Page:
Tuesday, February 11, 2020

Welcome to the Blue, Brusdar Graterol!

The trade with the Twins is finally official. The Dodgers get a prospect reliever known for throwing 100 mph, while sending the much loved hurler Kenta Maeda to Minnesota -- effectively allowing him to become a regular starter on a competitive team. A win / win, no doubt... but sad since most Dodger fans will miss Maeda's professionalism and guile. Per a Dodgers tweet:
So, who is Brusdar Graterol?

Graterol is a 21-year old right-hander, standing 6' 1", with a blazing fastball. You can follow him on twitter here: @BrusdarGraterol. He is also recently engaged. Congrats! Per his twitter:

As for what he can do on the mound, here's what MLB Prospect Watch has to say about him:
Scouting grades: Fastball: 70 | Curveball: 50 | Slider: 60 | Changeup: 45 | Control: 50 | Overall: 55
After signing with the Twins in the summer of 2014 for just $150,000, Graterol pitched sparingly in the Dominican Summer League the following year and missed all of 2016 because of Tommy John surgery. He eased back in 2017 before bursting into prominence the following season as one of the hardest-throwing starters in the Minors, then missed two months with shoulder issues in 2019 but recovered to make his big league debut as a reliever in September. Originally slated to go to the Red Sox as part of a three-team Mookie Betts/David Price trade, he instead went to the Dodgers along with catching prospect Jair Camargo and a supplemental second-round 2020 Draft pick in exchange for Kenta Maeda, outfield prospect Luke Raley and $10 million toward Maeda's contract in February. 
Graterol's stuff continues to get better the more he matures and the further removed from surgery he gets. His fastball touches triple digits and will often sit in the 96-98 mph range, with an ability to maintain velocity deep into starts. Throwing with plenty of sink, Graterol misses bats and gets a ton of ground-ball outs off of his fastball. When he committed to throw the harder version of his slider, in the 87-89 mph range, it trended toward plus, but he would back off of it at times. Continued separation between that and his slower curve will help, as will further refinement of his changeup.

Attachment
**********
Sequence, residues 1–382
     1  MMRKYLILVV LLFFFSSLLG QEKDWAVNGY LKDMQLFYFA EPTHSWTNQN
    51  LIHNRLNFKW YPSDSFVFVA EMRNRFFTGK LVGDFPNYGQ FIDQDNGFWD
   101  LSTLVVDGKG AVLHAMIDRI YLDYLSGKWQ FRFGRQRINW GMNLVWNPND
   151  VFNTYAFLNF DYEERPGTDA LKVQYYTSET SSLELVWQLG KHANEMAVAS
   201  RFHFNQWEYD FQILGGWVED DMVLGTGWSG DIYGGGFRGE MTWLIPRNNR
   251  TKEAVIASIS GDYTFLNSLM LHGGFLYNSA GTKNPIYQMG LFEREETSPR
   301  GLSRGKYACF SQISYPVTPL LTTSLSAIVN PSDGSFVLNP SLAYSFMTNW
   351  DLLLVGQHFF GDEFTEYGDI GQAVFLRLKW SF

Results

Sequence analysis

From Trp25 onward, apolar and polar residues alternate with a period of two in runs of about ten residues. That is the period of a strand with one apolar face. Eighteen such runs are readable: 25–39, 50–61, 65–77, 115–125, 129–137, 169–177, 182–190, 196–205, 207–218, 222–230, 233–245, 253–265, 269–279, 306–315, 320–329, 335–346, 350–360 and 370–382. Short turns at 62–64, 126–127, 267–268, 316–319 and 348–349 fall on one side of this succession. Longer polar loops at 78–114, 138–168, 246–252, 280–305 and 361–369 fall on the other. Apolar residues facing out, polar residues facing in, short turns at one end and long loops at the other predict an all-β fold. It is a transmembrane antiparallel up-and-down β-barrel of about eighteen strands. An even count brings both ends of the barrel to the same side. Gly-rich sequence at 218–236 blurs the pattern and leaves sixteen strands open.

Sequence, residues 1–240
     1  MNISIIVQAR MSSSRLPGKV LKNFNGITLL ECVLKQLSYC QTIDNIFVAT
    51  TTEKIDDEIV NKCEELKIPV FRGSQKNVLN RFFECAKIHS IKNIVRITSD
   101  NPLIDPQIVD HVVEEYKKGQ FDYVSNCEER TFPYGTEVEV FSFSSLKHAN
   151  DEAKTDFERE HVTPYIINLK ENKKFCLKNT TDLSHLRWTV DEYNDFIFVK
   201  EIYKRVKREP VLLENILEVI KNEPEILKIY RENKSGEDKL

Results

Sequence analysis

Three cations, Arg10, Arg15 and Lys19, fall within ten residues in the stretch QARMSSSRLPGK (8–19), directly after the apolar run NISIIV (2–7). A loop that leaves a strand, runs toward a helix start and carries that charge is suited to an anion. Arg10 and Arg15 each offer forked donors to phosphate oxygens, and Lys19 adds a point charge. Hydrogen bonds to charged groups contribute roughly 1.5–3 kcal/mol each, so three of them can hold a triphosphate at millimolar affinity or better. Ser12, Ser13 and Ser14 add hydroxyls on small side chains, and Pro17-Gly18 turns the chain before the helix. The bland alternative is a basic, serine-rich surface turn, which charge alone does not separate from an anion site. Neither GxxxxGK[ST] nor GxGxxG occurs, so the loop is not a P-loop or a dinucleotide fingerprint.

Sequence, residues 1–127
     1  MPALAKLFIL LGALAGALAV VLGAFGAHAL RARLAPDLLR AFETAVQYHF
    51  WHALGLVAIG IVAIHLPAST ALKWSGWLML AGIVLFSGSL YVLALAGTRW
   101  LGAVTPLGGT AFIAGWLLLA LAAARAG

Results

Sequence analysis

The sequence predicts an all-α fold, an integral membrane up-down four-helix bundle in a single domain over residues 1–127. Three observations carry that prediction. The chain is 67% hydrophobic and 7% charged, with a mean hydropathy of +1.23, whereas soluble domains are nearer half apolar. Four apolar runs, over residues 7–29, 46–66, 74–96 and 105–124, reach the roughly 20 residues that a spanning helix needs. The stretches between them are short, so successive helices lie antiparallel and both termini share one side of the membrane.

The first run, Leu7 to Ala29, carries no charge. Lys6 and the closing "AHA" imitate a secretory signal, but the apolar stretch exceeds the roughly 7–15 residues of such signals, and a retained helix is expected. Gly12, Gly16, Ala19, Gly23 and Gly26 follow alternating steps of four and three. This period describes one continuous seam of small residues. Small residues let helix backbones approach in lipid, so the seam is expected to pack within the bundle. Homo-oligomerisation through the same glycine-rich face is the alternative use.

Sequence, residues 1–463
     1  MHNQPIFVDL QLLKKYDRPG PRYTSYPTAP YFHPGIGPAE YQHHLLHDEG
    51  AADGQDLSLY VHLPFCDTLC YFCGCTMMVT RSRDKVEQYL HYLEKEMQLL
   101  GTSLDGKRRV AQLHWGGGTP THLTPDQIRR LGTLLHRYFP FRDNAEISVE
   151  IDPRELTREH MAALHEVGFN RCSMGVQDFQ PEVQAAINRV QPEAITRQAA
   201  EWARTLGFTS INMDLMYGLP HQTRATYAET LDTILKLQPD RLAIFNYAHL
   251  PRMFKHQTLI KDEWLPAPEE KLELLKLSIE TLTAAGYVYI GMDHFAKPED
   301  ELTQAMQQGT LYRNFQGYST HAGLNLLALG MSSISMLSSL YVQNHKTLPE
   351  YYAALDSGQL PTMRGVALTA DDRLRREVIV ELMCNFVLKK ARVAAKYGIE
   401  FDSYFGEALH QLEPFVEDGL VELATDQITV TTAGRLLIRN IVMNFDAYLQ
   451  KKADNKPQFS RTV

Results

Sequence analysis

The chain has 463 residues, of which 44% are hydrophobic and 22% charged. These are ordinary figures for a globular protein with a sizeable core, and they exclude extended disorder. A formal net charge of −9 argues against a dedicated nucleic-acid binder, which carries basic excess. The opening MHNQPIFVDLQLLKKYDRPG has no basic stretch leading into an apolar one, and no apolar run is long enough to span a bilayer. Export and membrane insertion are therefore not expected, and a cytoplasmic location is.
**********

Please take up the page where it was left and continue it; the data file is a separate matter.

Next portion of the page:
The right-hander filled up the strike zone in the Midwest League and was still pretty consistent up a level as a teenager, pointing to perhaps better-than-average control in the future. His stuff, command and strength all add to a big up arrow next to his name, with a future as a frontline starter a distinct possibility.
So, he clearly has elite velocity and appears to be over the injury hump. Although he isn't salary arbitration eligible until 2023 I suspect he'll be competing for a bullpen job this spring. BTW, he currently ranks as the Dodgers fourth best prospect in the system, per MLB Prospect Watch.

In celebration of him becoming a Dodger I made a couple of custom fantasy baseball cards of him. Check thos out at the very top of this post. Below are links to some stories About Graterol that I thought pertinent:
“The Buffalo” as he has been nicknamed, hasn’t been a wild pitcher by any means. His career walk rate of 2.7 is lower than the MLB average of 3.3, so the free pass hasn’t been a big issue for him so far in his career. However, he will need to keep that area sharp in the big leagues, as his elite velocity won’t be enough to blow mistake pitches past batters quite as often in the major leagues. With only a handful of innings with the juiced ball in AAA, Graterol hasn’t experienced much of the homer-happy big league baseball to this point.
His fastball gets the headlines. It's not just the velocity – reaching as high as 101 MPH and maintaining in the upper-90s throughout his starts – that makes Brusdar Graterol's heater such a lethal weapon. It's also the movement and command. The right-hander hurls fear-inducing two-seamers that sink and run in on same-sided hitters, while tailing away from lefties. He can place them all over the zone and he likes to throw inside, which is good news for grouchy old-school seamheads and bad news for hitters that have to sweat out ABs in the box.
In a word, Brusdar Graterol is a pitcher. In many words, he’s a pitching prospect that many are torn on, with the crux of the disagreement coming down to his future as either a starter or reliever. Both sides agree he has a nasty sinker (albeit, one that doesn’t miss many bats) that goes into the triple digits. That’s pretty exciting. He also has a pretty good slider. If you want to draw a comparison, think of Darwinzon Hernandez or Bryan Mata, except with one key difference. He has really good control of his pitches so far.
While Hernandez (5.5 BB/9 rate in the minor leagues) and Mata (4.3 BB/9) both have had long-discussed issues with controlling and commanding their pitches, Graterol has already advanced beyond them (2.7 BB/9 in the minors, 1.9 in the majors in a small sample) which is why he’s a top 100 MLB prospect, and the former two are/were not.

* Please follow on twitter @ernestreyes *
* Dodgers Blue Heaven home page *

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